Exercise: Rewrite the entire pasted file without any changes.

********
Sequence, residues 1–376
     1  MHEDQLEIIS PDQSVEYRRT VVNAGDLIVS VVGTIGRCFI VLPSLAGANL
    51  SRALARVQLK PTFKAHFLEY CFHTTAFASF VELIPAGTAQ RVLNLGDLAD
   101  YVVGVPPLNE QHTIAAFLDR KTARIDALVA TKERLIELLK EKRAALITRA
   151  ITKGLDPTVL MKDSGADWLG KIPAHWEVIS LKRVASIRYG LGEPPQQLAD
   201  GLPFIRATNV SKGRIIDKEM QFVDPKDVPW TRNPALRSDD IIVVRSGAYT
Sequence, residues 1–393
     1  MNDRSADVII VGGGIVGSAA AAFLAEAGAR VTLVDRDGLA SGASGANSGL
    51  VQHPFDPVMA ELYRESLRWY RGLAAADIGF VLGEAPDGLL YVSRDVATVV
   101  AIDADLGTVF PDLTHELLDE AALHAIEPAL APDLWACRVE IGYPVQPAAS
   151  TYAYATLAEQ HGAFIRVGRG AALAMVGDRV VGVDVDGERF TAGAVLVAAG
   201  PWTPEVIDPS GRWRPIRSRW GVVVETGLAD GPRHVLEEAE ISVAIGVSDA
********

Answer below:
Sequence, residues 1–376
     1  MHEDQLEIIS PDQSVEYRRT VVNAGDLIVS VVGTIGRCFI VLPSLAGANL
    51  SRALARVQLK PTFKAHFLEY CFHTTAFASF VELIPAGTAQ RVLNLGDLAD
   101  YVVGVPPLNE QHTIAAFLDR KTARIDALVA TKERLIELLK EKRAALITRA
   151  ITKGLDPTVL MKDSGADWLG KIPAHWEVIS LKRVASIRYG LGEPPQQLAD
   201  GLPFIRATNV SKGRIIDKEM QFVDPKDVPW TRNPALRSDD IIVVRSGAYT
Sequence, residues 1–393
     1  MNDRSADVII VGGGIVGSAA AAFLAEAGAR VTLVDRDGLA SGASGANSGL
    51  VQHPFDPVMA ELYRESLRWY RGLAAADIGF VLGEAPDGLL YVSRDVATVV
   101  AIDADLGTVF PDLTHELLDE AALHAIEPAL APDLWACRVE IGYPVQPAAS
   151  TYAYATLAEQ HGAFIRVGRG AALAMVGDRV VGVDVDGERF TAGAVLVAAG
   201  PWTPEVIDPS GRWRPIRSRW GVVVETGLAD GPRHVLEEAE ISVAIGVSDA